Burma is home to 43 prisons and around 100 labour camps. Conditions in these jails are notoriously poor – inmates suffer regular physical and psychological abuse from officials, while medicine is scant and overcrowding common. The majority of political prisoners are held in Rangoon's Insein prison, although many are sent to remote jails hundreds of miles from their families where they are forced to battle extreme weather conditions and malaria.
Insein prison is most notorious for being the detention center of Myanmar’s most prominent political prisoners.
Insein prison known as the ‘darkest hole in Burma’ is located in Rangoon division in lower Burma. The total prison population is between 9000 and 10,000 prisoners including over 300 political prisoners with only 3 doctors. It is a top security prison where Aung San Suu Kyi spent time.
The 300 political prisoners in Insein have been given extremely long jail punishments even for minor political activities
Among the political prisoners are 225 monks, 11 MPs, 12 lawyers, eight doctors, 157 women, and nearly 30 media workers. Burma has been known to sentence people as young as 14 to years in prison for seemingly minor political activities such as the distribution of leaflets. One man, General Hso Ten, the chairman of the Shan State Peace Council, is serving a 106-year sentence for high treason.
The website also includes testimonies from former political detainees who bravely shared their prison experiences. Wai Moe was one of the prisoners who were tortured
Once I had shackles placed on my ankles, and they didn’t remove these for seven months. They weighed more than 10 kilos, and became part of my body. Other times you were forced to clean the iron bars on cell door with cloth for four hours a day – 8-10am, and 2-4pm. This is physical and mental torture – there’s no reason for it, but if you refuse, you are beaten. And another punishment was being forced to catch flies with a plastic bag. If you can’t catch them, they will beat you or tie you in shackles.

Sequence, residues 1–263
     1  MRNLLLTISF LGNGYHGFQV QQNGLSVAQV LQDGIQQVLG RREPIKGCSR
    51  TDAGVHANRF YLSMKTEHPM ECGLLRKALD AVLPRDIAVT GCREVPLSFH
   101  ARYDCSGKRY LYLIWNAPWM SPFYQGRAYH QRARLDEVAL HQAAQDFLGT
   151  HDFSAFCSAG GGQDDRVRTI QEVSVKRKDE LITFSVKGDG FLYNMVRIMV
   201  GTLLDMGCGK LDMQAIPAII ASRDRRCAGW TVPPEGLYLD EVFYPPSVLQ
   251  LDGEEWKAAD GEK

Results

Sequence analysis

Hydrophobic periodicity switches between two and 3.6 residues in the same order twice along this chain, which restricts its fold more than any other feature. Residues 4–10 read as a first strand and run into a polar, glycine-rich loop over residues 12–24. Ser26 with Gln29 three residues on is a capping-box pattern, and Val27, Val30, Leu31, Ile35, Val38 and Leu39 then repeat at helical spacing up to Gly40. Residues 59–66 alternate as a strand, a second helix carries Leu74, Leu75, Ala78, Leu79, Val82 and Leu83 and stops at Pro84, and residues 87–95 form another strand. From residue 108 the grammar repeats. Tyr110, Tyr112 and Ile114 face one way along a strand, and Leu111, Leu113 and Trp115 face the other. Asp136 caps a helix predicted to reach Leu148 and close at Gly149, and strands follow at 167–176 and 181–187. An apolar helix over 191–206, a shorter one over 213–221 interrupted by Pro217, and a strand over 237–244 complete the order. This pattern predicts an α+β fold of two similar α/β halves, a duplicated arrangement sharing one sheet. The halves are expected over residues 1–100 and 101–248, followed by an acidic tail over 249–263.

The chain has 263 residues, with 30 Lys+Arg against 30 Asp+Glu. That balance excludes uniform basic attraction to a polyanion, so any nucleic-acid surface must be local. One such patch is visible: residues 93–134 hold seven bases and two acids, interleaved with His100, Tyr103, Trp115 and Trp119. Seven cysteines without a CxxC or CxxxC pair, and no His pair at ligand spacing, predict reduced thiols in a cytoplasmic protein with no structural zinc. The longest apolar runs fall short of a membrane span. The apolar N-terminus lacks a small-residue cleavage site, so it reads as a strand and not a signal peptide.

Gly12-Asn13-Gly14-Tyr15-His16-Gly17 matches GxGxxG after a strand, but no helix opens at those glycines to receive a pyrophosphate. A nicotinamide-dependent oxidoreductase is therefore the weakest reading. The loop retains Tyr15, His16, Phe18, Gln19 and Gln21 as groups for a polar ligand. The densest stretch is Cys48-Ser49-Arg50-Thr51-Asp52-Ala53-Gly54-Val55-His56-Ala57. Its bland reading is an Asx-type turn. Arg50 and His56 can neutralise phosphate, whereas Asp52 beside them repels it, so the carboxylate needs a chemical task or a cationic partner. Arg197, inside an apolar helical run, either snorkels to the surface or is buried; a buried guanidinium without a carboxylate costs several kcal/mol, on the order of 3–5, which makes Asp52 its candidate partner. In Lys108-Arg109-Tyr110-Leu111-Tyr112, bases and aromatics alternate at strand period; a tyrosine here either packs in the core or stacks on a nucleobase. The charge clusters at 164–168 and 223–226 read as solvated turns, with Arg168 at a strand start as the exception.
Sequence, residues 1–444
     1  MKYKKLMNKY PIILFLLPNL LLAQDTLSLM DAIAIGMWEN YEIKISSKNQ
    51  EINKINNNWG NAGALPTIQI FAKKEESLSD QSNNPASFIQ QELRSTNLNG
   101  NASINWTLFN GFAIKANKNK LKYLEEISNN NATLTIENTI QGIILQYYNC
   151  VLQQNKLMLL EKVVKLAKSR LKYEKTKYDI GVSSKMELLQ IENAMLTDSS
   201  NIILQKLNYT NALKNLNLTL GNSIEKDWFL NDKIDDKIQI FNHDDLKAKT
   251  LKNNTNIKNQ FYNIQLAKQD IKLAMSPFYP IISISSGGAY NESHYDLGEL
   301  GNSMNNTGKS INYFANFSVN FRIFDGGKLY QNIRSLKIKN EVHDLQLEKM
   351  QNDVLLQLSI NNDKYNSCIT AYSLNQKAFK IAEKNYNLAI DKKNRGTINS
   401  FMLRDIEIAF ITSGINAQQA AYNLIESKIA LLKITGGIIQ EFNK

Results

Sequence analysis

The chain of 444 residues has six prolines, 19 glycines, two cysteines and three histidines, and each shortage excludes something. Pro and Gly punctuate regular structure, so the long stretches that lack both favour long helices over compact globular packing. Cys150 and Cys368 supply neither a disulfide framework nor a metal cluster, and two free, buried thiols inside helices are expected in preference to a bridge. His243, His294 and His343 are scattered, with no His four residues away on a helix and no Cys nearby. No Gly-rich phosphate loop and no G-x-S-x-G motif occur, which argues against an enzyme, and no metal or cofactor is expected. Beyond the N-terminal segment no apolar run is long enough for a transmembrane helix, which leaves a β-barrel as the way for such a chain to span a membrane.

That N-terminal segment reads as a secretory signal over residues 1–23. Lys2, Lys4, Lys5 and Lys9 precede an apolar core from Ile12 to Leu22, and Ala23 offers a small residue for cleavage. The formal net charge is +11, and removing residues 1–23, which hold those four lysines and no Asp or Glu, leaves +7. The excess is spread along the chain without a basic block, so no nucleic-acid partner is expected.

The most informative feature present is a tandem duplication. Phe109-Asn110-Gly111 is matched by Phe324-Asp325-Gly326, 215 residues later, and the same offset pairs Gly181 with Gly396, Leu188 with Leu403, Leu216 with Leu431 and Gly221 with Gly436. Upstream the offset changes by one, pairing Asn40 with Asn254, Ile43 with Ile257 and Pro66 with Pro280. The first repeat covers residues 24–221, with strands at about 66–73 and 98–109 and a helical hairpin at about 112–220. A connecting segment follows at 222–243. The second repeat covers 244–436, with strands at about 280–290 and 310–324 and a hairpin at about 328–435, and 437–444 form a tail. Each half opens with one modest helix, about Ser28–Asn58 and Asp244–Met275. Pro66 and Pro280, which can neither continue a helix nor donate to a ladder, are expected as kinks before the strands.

There are 17 jailed video journalists for the Democratic Voice of Burma (DVB). One of the video journalists currently under detention is Hla Hla Win. She had been detained under the Import/Export Act for using an unregistered motorbike but her jail sentence has been extended to 20 years
During the first weeks of her seven year sentence, she was interrogated and eventually admitted to being a DVB reporter. On 20 December 2009 her jail term was extended by 20 years for violating the Electronics Act, which prohibits downloading or uploading data from the internet that is considered damaging to the security of the military regime. This is a tactic often used by the regime to imprison video reporters. She was handed a further 20 years and offered no legal representative.
A protest action demanding her freedom has been scheduled next week in front of the Burmese Embassy in Bangkok.